We next address Claimant's contention that the WCJ erred in denying his request for attorney's fees. Where a claimant succeeds in a litigated case, reasonable counsel fees are awarded against the employer as a cost under Section 440 of the Act, 77 P.S. § 996, unless the record establishes a reasonable basis for the contest. Pruitt v. Workers' Compensation Appeal Board (Lighthouse Rehabilitation), 730 A.2d 1025 (Pa.Cmwlth.1999). An award of counsel fees is the rule and excluding counsel fees is the exception, to be applied only where the employer meets its burden of presenting sufficient evidence to establish that its contest was reasonable. Id. Whether an employer's contest is reasonable is a question of law fully reviewable by this Court. Id.
In concluding that Employer's contest was reasonable, the WCJ found:
There is no indication that the medical records or reports offered by the claimant ․ were sent to the employer or received by the employer prior to the petitions being filed. Once the petitions were filed, the employer secured an independent medical examination with Dr. Goodman, whose opinion, if found persuasive, would support the employer's position.
WCJ's Finding of Fact No. 20.
Initially, we find no authority for the proposition that a claimant's failure to provide his employer with medical reports prior to filing a petition establishes a reasonable basis for the employer to contest the petition.
We note that reports of the first independent medical examination scheduled by Employer were introduced into evidence by Claimant, rather than Employer, at the first hearing and Employer retroactively reinstated payment of compensation on August 12, 1996. However, Employer continued to contest Claimant's entitlement to reinstatement throughout the pendency of this matter. At the final hearing held October 9, 1997, Employer offered the deposition testimony of Bruce Goodman, M.D., who examined Claimant on Employer's behalf on March 21, 1997. Dr. Goodman opined that Claimant's present work restrictions were necessitated solely by pre-existing degenerative arthritis of the left knee. However, Dr. Goodman acknowledged that Claimant's work injury and the surgical removal of the meniscus necessitated by the work injury could accelerate the development of arthritis in the joint. (WCJ's Finding of Fact No. 25.)
We note that Dr. Goodman's medical examination did not take place until approximately ten months after the reinstatement petition was filed, and that Employer's contest was already a fait accompli before that examination took place. Therefore, the deposition testimony of Dr. Goodman does not provide a reasonable basis for Employer's contest. At the time Employer originally chose to contest payment of compensation, Employer had no reasonable grounds to do so, and Dr. Goodman's post hoc examination does not cure this defect. Id.; MacNeill v. Workmen's Compensation Appeal Board (Denny's Inc.), 120 Pa.Cmwlth. 320, 548 A.2d 680 (1988).5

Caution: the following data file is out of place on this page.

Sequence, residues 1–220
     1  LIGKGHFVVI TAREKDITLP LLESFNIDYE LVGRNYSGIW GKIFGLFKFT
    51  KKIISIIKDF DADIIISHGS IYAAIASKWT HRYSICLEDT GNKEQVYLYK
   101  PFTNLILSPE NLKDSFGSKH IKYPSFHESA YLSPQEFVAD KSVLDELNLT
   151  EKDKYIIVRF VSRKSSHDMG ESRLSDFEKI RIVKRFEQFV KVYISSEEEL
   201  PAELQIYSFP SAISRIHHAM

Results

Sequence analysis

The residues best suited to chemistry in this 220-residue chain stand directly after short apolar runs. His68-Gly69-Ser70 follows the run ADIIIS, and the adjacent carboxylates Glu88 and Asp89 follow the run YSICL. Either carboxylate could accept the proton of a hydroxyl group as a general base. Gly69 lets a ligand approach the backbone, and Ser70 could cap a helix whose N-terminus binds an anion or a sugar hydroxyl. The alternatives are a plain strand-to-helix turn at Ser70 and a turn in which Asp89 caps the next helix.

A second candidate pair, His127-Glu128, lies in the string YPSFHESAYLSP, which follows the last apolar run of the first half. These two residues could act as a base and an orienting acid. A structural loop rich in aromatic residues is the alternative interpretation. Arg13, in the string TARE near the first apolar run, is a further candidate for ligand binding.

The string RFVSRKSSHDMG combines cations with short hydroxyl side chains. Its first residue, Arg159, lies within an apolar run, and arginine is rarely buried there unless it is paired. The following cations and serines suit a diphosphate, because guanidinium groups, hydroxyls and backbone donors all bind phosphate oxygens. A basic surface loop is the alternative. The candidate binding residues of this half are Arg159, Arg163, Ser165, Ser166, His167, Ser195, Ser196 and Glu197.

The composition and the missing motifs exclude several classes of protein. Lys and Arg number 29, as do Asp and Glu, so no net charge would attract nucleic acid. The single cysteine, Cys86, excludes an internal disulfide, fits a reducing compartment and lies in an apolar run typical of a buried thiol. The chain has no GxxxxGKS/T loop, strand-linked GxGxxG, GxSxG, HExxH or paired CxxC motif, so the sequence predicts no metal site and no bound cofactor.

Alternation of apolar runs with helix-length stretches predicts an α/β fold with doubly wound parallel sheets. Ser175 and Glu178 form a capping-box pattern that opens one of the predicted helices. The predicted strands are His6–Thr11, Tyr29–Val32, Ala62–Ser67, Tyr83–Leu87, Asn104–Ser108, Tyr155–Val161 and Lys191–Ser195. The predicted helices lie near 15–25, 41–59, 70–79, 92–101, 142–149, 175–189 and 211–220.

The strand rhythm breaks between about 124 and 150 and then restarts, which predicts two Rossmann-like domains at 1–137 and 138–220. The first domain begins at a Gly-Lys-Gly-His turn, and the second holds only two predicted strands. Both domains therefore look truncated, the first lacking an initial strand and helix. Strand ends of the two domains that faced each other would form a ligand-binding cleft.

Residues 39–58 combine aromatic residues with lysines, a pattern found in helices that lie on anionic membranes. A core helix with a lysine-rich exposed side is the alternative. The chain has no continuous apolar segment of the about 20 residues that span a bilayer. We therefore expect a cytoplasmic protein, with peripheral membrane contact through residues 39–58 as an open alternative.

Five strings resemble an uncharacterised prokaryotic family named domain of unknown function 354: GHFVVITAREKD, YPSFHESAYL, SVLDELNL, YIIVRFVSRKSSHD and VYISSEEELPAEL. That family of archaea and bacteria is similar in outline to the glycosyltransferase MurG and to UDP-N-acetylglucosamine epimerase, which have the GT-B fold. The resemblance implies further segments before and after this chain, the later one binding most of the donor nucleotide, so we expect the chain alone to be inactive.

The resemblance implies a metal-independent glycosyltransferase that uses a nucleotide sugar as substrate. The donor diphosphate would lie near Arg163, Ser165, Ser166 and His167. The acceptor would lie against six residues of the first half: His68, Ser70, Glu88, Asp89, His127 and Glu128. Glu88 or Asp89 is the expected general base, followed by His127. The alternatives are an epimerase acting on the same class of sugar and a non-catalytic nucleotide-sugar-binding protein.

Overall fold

Accordingly, we conclude that Employer's contest of Claimant's set aside/reinstatement petition was not reasonable, and we reverse that part of the Board's order affirming the WCJ's denial of attorney's fees to Claimant. Because an award of attorney's fees for an unreasonable contest must be based upon findings of fact regarding the reasonableness of the amount assessed, Spangler v. Workmen's Compensation Appeal Board (Ford), 145 Pa.Cmwlth. 56, 602 A.2d 446 (1992), we remand this matter to the Board with instructions to remand to the WCJ. The WCJ shall issue additional findings of fact, and take additional evidence if necessary, regarding reasonable fees associated only with the litigation of the reinstatement petition.
The Board's order is affirmed in all other respects.
NOW, November 3, 1999, we reverse that part of the Workers' Compensation Appeal Board's order affirming the WCJ's denial of attorney's fees and we remand this matter to the Board with instructions to remand to the WCJ in accordance with the foregoing opinion. The Board's order is affirmed in all other respects.
1. The petitions were initially assigned to WCJ Crum, who held the first hearing in the matter. The case was reassigned to WCJ Peckmann, who held four additional hearings and issued the decision and order under review.
2. Our scope of review in a workers' compensation appeal is limited to determining whether an error of law was committed, constitutional rights were violated, or whether necessary findings of fact are supported by substantial evidence. Section 704 of the Administrative Agency Law, 2 Pa.C.S. § 704. Russell v. Workmen's Compensation Appeal Board (Volkswagen of America), 121 Pa.Cmwlth. 436, 550 A.2d 1364 (1988).
3. Employer is subject to the provisions of the Davis-Bacon Act whenever its employees are performing services for Employer under a public contract subject to any federal or state prevailing wage law.
4. Act of June 2, 1915, P.L. 736 as amended §§ 1-1041.4, 2501-2606.
5. The fact that Employer voluntarily reinstated compensation payments in August of 1996 is of no moment, as Employer contested Claimant's entitlement to reinstatement throughout the pendency of these proceedings.
RODGERS, Senior Judge.